East End benefit claims double national average


Housing estate in Tower Hamlets. Photo: Ellie Rose

Tower Hamlets and Hackney have the highest rates of housing benefit claimants in the country, it emerged this week.

The shocking statistics, which show that four in ten households in the two boroughs rely on the payment, were highlighted by Conservative MP Theresa May, shadow work and pensions secretary, on Monday.

41.9% of households in Hackney and 36.9% of those in Tower Hamlets are dependent on the support, which is worth an average of £81.03 a week.
“These are truly shocking figures and once again provide more damning evidence of Labour’s complete failure to tackle welfare reform,” said Ms May.

The data, which was compiled by the Department for Work and Pensions, showed the two east London boroughs’ rates of claiming to be more than double the national average of 17.6%, and worse than cities renowned for their levels of deprivation such as Glasgow and Manchester.

Councillor Abjol Miah, for Respect in Tower Hamlets, said the statistics suggested the Labour government was not doing enough to stem the current jobs crisis in inner London. “If decent jobs for decent wages, given the high costs of living in inner city London, are not available for many residents in Tower Hamlets, then inevitably they will become dependent on benefit,” he said.

“We were promised that the Olympics would bring jobs for local people, but in fact very few have gone to long-term Tower Hamlets residents.”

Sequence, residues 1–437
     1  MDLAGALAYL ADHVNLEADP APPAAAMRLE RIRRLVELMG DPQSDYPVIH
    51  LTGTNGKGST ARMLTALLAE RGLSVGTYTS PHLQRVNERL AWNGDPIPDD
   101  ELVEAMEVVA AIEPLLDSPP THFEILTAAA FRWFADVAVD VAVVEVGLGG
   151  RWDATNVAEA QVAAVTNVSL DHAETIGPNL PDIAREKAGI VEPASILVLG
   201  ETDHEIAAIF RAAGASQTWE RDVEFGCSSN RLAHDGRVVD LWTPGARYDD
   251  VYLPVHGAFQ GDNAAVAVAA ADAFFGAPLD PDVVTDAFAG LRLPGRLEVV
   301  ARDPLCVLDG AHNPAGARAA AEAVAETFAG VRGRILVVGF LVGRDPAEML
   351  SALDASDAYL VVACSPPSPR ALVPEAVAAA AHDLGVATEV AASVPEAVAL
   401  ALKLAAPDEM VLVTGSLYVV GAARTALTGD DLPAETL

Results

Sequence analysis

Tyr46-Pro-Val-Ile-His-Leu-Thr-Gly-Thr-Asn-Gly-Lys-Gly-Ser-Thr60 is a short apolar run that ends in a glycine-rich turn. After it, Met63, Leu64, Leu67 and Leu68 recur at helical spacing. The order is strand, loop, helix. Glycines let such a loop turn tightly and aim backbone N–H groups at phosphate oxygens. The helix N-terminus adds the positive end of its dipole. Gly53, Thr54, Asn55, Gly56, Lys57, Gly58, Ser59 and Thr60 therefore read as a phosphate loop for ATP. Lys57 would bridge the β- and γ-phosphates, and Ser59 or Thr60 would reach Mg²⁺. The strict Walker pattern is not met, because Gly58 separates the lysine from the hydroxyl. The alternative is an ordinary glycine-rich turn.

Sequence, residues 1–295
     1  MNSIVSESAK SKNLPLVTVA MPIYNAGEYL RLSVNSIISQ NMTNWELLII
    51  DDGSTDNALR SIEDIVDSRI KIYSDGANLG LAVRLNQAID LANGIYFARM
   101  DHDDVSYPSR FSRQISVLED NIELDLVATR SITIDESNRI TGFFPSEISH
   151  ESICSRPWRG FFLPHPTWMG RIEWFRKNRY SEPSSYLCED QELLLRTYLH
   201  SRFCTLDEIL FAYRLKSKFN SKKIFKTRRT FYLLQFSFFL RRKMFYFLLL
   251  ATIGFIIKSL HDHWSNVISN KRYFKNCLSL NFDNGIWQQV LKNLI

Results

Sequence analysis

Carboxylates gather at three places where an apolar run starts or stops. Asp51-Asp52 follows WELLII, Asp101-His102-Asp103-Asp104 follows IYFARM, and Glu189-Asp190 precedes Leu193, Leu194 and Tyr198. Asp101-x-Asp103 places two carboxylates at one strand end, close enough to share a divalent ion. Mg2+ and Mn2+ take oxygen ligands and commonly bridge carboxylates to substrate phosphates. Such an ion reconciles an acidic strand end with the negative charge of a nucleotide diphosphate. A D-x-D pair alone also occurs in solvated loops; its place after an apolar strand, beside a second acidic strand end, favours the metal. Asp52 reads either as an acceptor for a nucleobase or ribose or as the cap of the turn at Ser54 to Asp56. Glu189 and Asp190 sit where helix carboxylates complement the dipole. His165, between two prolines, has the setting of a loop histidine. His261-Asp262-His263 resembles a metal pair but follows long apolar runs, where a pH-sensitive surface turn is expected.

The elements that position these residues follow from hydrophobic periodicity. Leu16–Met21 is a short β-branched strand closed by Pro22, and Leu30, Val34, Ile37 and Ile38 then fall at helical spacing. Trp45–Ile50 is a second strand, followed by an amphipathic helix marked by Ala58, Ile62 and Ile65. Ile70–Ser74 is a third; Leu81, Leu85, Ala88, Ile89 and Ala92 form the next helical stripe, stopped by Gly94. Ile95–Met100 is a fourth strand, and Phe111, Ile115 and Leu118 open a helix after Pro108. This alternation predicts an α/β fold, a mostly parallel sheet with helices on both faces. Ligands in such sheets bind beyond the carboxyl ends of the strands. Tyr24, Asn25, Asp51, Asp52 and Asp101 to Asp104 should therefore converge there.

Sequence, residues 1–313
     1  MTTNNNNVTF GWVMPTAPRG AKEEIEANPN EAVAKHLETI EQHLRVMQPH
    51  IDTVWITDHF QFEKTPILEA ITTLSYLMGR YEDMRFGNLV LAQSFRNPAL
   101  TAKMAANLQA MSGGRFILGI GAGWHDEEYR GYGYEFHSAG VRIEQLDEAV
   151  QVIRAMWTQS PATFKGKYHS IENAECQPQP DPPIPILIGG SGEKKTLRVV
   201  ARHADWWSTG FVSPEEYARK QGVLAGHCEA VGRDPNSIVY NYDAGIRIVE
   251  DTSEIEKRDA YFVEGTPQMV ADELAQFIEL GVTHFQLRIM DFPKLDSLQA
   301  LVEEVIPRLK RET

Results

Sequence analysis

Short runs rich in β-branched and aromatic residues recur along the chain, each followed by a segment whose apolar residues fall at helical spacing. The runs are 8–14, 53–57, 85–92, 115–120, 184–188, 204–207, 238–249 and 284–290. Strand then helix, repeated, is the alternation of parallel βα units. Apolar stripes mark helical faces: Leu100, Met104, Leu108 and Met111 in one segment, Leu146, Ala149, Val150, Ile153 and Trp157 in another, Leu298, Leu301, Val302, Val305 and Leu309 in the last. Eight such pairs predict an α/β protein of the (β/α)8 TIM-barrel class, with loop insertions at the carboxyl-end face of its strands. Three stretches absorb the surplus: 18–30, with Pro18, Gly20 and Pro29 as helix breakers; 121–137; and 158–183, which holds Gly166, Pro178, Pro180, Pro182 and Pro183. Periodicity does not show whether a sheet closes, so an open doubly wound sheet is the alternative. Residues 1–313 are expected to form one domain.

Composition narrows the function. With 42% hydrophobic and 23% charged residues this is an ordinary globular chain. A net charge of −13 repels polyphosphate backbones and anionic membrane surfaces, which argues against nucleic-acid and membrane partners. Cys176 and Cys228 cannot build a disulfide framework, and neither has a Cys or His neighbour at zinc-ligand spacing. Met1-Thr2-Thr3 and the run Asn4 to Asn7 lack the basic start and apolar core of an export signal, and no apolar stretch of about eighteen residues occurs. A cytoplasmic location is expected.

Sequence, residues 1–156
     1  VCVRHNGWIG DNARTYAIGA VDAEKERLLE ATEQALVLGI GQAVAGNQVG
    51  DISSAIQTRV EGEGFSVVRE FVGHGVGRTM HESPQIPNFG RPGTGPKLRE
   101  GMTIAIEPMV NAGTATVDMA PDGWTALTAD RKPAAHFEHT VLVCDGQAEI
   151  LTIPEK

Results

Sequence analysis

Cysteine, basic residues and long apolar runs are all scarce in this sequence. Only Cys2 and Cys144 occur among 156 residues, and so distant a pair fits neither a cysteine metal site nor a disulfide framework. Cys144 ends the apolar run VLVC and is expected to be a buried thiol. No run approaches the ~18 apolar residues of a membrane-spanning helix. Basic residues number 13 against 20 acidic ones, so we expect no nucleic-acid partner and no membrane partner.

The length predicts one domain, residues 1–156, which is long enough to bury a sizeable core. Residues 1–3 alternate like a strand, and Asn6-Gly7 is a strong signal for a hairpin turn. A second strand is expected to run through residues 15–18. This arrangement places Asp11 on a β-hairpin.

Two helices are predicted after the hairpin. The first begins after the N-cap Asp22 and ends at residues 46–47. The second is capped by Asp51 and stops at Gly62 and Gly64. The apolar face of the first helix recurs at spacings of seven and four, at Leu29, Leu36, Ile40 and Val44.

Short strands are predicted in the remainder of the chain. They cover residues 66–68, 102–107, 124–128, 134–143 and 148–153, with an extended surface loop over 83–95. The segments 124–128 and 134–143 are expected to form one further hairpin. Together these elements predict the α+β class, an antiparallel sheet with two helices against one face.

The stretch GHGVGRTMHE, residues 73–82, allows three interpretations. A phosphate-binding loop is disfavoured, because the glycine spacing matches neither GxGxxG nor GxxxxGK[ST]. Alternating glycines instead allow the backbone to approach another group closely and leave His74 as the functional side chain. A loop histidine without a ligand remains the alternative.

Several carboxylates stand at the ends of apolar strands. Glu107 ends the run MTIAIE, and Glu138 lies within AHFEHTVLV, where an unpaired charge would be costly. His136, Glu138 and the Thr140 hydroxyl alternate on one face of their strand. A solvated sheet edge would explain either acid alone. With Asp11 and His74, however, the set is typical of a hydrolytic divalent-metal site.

Tower Hamlets has had an exceptionally high rate of unemployment for some time. Data from the Office for National Statistics showed in March that the borough had the second highest proportion of jobless people in the country at nearly 12%.
Hackney, too, suffers from high levels of joblessness and deprivation.

A spokesperson for Hackney Council said that half of the borough’s residents live in social housing, but that the situation was improving slowly. Investments in four new academies are paying off as students achieve better and better exam results, and £400,000 has recently been released to help get people back into work, he said.

“Although Hackney is an up-and-coming area, it still faces challenges such as low levels of unemployment,” said the spokesperson. “The council runs the Ways into Work programme [which] in its first year helped 700 residents into employment.”

The spokesperson also pointed out that transport links in Hackney have always been poor, meaning that residents find it hard to move within and outside the borough for work. Tower Hamlets resident

Jake Attwood-Harris, 22, has a degree in architecture from University College London. He has been claiming housing benefit of £117 per week since August to pay the rent in his ex-local authority flat, and thinks the government’s present initiatives would not be enough.

“The cost of living around here is huge,” he said. “Minimum wage in London should be higher. A blanket minimum wage for the country doesn’t really make sense, because in inner London it just isn’t a living wage.”

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